There are now five confirmed COVID cases linked to an outbreak at the Chatham-Kent Health Alliance.
The news comes as total COVID hospitalizations also climb. Thursday there were 17 patients in hospital with the virus including 11 from Chatham-Kent. Three of the patients were in the ICU and one was on a ventilator.
The outbreak in the medicine unit was originally declared May 11 with two cases. By May 13 it had grown to five. Four of the patients remain in hospital while one was discharged prior to the outbreak being declared. That person was identified through contact tracing and is isolating at home.
Health Alliance President & CEO Lori Marshall says “It is our understanding that the cases that are linked to our outbreak are in fact variants. We know that the variants are very transmissible and I think it is just a good reminder for all of us to keep doing what we’ve been doing in terms of things like our social distancing and our hand hygiene.”
Medical Officer of Health Dr. David Colby says most new COVID cases are variants with the majority being the B.1.1.7 version from the United Kingdom. Colby says other variants have arrived in Chatham-Kent however including five cases of the B.1.351 variant from South Africa and three cases of the P.1 variant from Brazil.
Regarding the U.K. variant, Colby says while not all tests are sent off for full genome sequencing, “I can presume that’s what we’re dealing with because it’s almost entirely supplanted the 'wild-type' strain that we were dealing with early on.”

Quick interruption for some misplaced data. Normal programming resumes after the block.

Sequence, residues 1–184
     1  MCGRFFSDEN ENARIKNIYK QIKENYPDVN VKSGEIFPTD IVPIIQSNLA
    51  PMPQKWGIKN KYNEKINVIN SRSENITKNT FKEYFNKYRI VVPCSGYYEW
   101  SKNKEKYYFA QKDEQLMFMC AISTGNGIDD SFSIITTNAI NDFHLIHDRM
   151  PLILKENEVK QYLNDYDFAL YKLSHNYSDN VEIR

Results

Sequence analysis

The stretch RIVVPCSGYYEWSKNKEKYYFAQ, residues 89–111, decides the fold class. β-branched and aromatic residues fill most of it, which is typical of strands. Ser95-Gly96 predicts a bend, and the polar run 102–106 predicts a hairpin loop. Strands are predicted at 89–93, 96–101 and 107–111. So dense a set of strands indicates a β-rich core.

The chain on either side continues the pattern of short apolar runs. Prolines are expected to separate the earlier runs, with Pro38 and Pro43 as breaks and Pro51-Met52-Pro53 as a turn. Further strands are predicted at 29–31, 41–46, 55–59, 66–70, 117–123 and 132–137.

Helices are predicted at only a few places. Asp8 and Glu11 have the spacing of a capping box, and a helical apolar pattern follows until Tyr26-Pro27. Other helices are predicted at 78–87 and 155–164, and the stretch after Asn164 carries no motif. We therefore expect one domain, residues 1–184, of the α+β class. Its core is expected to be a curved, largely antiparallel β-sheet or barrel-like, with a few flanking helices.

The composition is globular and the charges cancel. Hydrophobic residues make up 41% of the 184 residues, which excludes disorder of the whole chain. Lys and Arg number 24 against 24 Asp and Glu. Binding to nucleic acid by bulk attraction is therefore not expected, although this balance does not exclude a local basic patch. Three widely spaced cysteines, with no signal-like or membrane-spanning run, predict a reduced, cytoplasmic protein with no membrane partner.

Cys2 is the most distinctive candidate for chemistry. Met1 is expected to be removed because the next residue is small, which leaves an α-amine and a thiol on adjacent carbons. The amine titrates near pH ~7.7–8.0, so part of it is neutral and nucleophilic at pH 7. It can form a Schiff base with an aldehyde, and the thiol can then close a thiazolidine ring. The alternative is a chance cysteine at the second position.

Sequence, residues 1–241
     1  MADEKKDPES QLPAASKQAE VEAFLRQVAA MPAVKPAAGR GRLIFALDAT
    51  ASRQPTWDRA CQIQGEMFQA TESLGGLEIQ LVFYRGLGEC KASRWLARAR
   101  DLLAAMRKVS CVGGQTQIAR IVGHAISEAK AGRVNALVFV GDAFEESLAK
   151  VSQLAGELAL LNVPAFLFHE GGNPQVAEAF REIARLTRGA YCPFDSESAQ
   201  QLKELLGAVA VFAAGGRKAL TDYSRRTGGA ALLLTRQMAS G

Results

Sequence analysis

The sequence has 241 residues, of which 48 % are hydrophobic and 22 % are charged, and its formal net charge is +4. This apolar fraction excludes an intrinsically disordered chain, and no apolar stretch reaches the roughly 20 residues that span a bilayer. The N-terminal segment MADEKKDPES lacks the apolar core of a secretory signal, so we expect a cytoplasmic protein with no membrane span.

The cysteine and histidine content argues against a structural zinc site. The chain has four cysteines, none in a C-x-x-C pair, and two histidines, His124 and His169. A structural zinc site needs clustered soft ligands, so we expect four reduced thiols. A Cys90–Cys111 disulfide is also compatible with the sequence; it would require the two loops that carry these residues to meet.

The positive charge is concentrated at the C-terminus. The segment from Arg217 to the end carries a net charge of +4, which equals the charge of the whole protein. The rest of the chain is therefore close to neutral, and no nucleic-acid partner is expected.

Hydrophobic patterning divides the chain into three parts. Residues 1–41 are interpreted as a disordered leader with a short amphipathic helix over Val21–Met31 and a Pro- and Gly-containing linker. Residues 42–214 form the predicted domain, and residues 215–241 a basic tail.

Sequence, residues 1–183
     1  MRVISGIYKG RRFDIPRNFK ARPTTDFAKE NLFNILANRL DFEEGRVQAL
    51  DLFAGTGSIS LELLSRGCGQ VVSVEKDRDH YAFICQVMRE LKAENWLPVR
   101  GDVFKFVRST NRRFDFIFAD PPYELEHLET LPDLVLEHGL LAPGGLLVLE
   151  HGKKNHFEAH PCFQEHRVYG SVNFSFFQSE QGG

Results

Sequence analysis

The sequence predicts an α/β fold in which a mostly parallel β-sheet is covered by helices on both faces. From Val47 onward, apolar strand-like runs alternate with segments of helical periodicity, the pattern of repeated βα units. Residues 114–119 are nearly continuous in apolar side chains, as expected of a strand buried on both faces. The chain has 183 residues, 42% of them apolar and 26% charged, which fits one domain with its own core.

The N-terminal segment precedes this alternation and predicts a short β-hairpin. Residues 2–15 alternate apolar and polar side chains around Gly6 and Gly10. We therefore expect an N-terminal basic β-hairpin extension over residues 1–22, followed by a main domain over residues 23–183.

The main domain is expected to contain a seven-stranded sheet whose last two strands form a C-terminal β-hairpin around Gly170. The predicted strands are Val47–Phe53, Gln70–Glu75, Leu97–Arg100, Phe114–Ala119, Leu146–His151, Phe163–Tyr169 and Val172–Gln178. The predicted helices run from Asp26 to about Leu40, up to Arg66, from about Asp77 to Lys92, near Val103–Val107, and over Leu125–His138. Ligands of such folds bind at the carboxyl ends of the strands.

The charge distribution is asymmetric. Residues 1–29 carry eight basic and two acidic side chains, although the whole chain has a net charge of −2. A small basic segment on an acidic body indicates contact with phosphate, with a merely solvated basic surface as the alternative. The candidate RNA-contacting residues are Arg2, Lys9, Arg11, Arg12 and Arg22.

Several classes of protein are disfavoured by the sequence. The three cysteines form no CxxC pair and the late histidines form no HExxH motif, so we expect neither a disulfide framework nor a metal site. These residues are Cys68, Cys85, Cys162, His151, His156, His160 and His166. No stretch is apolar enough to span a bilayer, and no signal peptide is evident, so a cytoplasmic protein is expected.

Marshall says when an outbreak is declared several steps are triggered. “At this stage the only individuals who could be admitted to the unit would have to be COVID positive. We could continue to take transfers in from elsewhere in the province or regionally if those individuals were COVID positive.”
There’ve been 16 COVID patients arrive from outside Chatham-Kent since patient transfers out of hotspots began last month. Eight of these patients have been discharged and eight remain in hospital.
An outbreak also means a transition to “droplet and contact precaution throughout the unit,” says Marshall. “While there are certain conditions where normally you would have to treat those individuals as being potentially infectious, when we get into an outbreak situation we treat all patients with that level of protection for both the patients and staff.”
Marshall says more frequent cleanings are also done including areas like lounges and break rooms. Staff and physicians also perform two COVID screenings per day rather than one.
There are four hospital staff currently in isolation. Two are COVID positive but not related to the current outbreak. The other two are isolating as precaution following the outbreak and as of May 13 had continued to test negative. Marshall says any staff member who is concerned about isolating at home with their family or friends are provided with hotel accommodation.
Marshall sees a path toward easing the burden going forward. “Because the numbers are coming down provincially we have not had a request in the last number of days for transfers to come into CK,” she says. “We would assume therefore that requests for transfers out of other areas would also be coming down at the same time.”
While total numbers drop, so has the age of patients entering the hospital. The average age of COVID patients in Chatham Hospital last week was 48.9, compared to an average age of all patients at 71.6.
But Colby says this isn’t surprising. “It is disturbing that we are seeing people in hospital that are younger. But as disturbing as it is, it’s not surprising because we preferentially vaccinated our elderly people that have the greatest risk of a poor outcome.”
“So anybody that does end up in the hospital is likely going to be younger because the proportion of people protected by vaccination is much lower,” says Colby.
Alex Kurial, Local Journalism Initiative Reporter, The Independent